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Tag Archives: “What are your weaknesses?”

interviewer, UXL, Margaret Smith, discussing weakness in interview

Photo Credit: SJSU University

It’s a common question. You know it’s coming. But that doesn’t stop you from waffling and fidgeting when you hear it: “What are your greatest weaknesses?” You know you have some, but you don’t want to reveal anything too terrible that will potentially cost you your interview. Then again, you don’t want to be dishonest or gloss over the answer with something like, “People say I work too much and am too dedicated to the company!” No interviewer is going to be impressed with an answer like that. It’s disingenuous and doesn’t tell them anything about you, except that you’re good at studying stock answers for interview questions. So how to approach this question?

First of all, be aware that sharing your challenges and flaws—the very things that make you human—can actually help you come off as a more authentic, relatable candidate. Joe Grimm of the Poynter Institute, an organization dedicated to integrity in journalism, suggests that interviewees faced with this question should always be honest and avoid mentioning character flaws because they seldom change. Instead, mention areas where you’re determined to improve. Consider saying something like, “I’m not as Excel-savvy as I’d like to be, but I’m currently improving my skills through internet tutorials.” Never mention strengths as weaknesses.

Don’t overthink your response to the point that you panic and don’t have one. As Washington Post journalist Lily Whiteman reminds us, “the worst responses are ‘I don’t know’ and the comical ‘I have no weaknesses.’”

You should also try to cater your response to the position and organization to which you are applying. Anticipate the motivation and interests of the interviewer when selecting your response and personal story. For example, if you are applying for a position as a financial adviser, you might talk about one of the specific areas in which you lack experience—say estate planning for people with over $1 Million in assets. And then (as mentioned earlier), demonstrate how you will familiarize yourself or how you are already working to improve in this area.

Remember: this question mainly exists because it reveals whether you, the applicant, possess key qualities such as self-awareness, authenticity, sincerity, adaptability, and foresightedness.  Reveal that yes, you have weaknesses, but you will not let them stop you from doing the best job you can do for their organization.

Happy interviewing! Please contact UXL today to find out how we can help you transform the future of your business or career through guided professional coaching.

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By Margaret Smith
SPEAKER | CAREER COACH | CERTIFIED INSIGHTS DISCOVERY PRACTITIONER
“What is one of your weaknesses?” This is a question we’ve all been asked during interviews. It’s not an easy question to answer. But, because you know it’s coming, you can take the time to prepare a response that is graceful, honest, and effective.

Preparation is your key to handling this question in a way that boosts your impact during the interview. Sharing your challenges and flaws—the very things that make you human—can actually help you to come off as a more human, real person.

Joe Grimm of the Pynter Institute, an organization dedicated to integrity in journalism, suggests that interviewees faced with this question should always be honest, and avoid mentioning character flaws because they seldom change. Instead, mention areas where you’re determined to improve. Consider saying something such as, “I’m not as excel-savvy as I’d like to be, but I’m currently improving my skills through internet tutorials.” Never mention strengths as weaknesses.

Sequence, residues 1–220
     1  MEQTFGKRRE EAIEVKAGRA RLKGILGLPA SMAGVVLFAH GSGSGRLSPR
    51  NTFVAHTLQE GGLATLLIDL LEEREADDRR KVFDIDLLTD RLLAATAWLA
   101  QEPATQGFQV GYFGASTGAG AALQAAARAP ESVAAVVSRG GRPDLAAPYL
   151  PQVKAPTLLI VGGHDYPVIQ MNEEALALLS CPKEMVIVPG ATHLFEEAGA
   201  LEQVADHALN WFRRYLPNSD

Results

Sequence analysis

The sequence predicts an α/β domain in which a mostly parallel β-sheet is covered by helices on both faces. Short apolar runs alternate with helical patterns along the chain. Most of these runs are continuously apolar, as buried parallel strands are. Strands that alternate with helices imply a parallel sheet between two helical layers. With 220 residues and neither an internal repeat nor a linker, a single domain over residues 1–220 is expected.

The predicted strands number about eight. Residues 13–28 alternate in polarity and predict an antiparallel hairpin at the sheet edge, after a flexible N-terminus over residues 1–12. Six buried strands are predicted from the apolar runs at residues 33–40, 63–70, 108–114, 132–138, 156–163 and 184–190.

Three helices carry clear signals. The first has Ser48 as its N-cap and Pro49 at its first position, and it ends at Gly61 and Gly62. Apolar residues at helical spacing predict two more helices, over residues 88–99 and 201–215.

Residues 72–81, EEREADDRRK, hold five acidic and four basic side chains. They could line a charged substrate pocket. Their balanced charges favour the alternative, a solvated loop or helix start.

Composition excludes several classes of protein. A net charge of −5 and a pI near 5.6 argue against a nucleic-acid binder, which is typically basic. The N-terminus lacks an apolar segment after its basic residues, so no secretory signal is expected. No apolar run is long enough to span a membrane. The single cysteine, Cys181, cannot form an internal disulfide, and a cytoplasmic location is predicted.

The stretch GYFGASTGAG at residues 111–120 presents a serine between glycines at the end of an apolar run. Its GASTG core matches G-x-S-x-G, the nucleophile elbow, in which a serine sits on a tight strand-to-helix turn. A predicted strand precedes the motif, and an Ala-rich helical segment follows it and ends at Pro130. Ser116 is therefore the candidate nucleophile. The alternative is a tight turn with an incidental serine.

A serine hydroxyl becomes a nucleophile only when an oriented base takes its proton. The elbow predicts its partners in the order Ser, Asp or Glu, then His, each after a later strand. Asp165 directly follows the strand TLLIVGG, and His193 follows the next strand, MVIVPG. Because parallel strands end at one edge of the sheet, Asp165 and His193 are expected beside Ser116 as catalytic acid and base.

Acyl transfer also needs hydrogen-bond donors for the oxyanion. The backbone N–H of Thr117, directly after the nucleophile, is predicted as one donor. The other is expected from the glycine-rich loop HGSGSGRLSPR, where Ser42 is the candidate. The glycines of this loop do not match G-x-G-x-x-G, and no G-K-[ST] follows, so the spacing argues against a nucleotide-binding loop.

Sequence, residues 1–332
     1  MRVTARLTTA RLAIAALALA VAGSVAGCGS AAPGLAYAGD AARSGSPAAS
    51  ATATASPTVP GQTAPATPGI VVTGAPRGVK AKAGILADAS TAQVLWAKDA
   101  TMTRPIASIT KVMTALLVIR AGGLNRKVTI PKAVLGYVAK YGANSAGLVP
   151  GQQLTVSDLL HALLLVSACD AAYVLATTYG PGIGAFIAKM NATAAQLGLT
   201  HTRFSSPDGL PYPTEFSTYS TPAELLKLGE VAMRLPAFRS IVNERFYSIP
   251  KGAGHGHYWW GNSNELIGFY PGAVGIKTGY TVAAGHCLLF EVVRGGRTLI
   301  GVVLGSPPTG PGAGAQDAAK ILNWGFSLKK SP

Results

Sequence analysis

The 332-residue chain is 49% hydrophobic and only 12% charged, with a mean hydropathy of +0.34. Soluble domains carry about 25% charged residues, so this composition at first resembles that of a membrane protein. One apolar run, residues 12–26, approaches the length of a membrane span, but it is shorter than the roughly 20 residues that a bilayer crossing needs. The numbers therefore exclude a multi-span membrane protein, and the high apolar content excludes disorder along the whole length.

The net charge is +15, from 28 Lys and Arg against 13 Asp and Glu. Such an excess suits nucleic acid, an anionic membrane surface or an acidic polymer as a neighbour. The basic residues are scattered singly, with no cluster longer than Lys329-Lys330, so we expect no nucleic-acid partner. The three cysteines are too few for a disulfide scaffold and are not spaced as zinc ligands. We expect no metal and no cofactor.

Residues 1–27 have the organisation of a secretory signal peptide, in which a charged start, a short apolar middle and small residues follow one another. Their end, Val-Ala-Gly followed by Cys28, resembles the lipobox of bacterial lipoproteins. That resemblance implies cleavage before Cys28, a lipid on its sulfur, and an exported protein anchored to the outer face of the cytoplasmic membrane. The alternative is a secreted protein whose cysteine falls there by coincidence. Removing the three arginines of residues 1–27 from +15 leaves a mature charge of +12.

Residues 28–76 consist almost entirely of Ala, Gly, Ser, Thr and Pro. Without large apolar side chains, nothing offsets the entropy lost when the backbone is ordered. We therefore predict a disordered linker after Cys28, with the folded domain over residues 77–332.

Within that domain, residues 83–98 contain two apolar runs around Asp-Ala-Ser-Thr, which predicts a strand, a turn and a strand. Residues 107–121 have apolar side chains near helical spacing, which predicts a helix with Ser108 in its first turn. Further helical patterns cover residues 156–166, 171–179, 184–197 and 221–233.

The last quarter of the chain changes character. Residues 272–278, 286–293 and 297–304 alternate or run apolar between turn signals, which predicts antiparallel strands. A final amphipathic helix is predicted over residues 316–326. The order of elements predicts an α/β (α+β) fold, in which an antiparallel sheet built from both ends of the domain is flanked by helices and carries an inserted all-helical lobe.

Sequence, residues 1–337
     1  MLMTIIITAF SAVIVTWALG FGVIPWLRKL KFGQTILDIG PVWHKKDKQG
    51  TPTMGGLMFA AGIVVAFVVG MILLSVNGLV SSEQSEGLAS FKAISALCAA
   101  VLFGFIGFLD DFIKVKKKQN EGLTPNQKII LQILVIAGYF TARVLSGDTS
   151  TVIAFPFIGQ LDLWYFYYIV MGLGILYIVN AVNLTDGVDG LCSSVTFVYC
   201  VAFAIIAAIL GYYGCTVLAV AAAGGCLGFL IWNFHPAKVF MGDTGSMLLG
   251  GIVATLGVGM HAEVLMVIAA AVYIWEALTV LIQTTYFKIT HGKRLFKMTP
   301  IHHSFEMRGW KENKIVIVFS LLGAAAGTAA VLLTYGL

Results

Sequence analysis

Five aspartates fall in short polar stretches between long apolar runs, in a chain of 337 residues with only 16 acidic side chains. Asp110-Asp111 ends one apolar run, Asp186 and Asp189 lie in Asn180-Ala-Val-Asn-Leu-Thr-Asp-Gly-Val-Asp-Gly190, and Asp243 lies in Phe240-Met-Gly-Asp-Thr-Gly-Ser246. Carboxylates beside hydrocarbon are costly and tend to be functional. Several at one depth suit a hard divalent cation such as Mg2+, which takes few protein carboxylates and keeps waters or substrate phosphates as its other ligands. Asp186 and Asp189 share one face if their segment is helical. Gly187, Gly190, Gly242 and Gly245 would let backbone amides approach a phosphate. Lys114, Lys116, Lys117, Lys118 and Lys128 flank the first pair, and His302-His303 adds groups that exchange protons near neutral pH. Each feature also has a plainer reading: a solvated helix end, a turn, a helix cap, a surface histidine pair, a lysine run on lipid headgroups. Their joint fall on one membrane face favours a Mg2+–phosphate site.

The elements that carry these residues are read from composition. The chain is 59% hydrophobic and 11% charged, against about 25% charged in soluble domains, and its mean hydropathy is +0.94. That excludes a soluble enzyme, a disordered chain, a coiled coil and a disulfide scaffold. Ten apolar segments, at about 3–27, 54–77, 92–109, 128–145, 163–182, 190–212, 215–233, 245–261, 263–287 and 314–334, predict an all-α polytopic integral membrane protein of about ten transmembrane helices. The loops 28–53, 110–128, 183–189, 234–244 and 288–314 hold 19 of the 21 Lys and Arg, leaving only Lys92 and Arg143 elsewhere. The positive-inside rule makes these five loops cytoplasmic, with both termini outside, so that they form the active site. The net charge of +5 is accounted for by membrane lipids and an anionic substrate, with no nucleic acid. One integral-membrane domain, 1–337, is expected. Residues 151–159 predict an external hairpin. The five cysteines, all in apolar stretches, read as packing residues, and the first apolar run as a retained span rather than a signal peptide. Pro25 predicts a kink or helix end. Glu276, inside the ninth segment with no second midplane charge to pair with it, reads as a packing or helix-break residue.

As with everything, there’s a reasonable limit to the extent of your honest response to this difficult question. In an article about responding to the “weakness question” published in The Washington Post, Heidi McAllister, a local environmental educator who has hired dozens of professionals into government and nonprofit organizations explains that you should be honest, but don’t sabotage yourself. “No one realistically expects to get brutally honest answers like, ‘I’m below average intelligence and difficult to work with.’”

Even though this question may solicit the skewed truth, employers ask it because it helps reveal “whether applicants possess key qualities such as self-awareness, humility, sincerity, zest, and skill in managing shortcomings and mistakes,” says Washington Post journalist Lily Whiteman.

Don’t overthink your response to the point that you panic and don’t have one. As Whiteman reminds us, the worst responses are “I don’t know” and the comical “I have no weaknesses.”

CareerBuilder, the popular job seeker’s resource, outlines this trying question as an opportunity for applicants to demonstrate that they “can think creatively.” Instead of giving a sterile and lifeless response, consider your weaknesses with an attention to “how you have attempted to overcome them,” then weave these proactive actions into your response.

As a final touch, cater your response to the position and organization to which you are applying. Debra Yergen, author of “Creating Job Security Resource Guide”, recommends job seekers imagine themselves sitting on the other side of the desk. Anticipate the motivation and interests of the interviewer when selecting your response and personal story.

Do you have questions about developing your career, business, or landing the job of your dreams? Would your career benefit from informed advice about finding more customers and building a network that gives back? Contact UXL Today to transform the future of your business or career through guided professional coaching.

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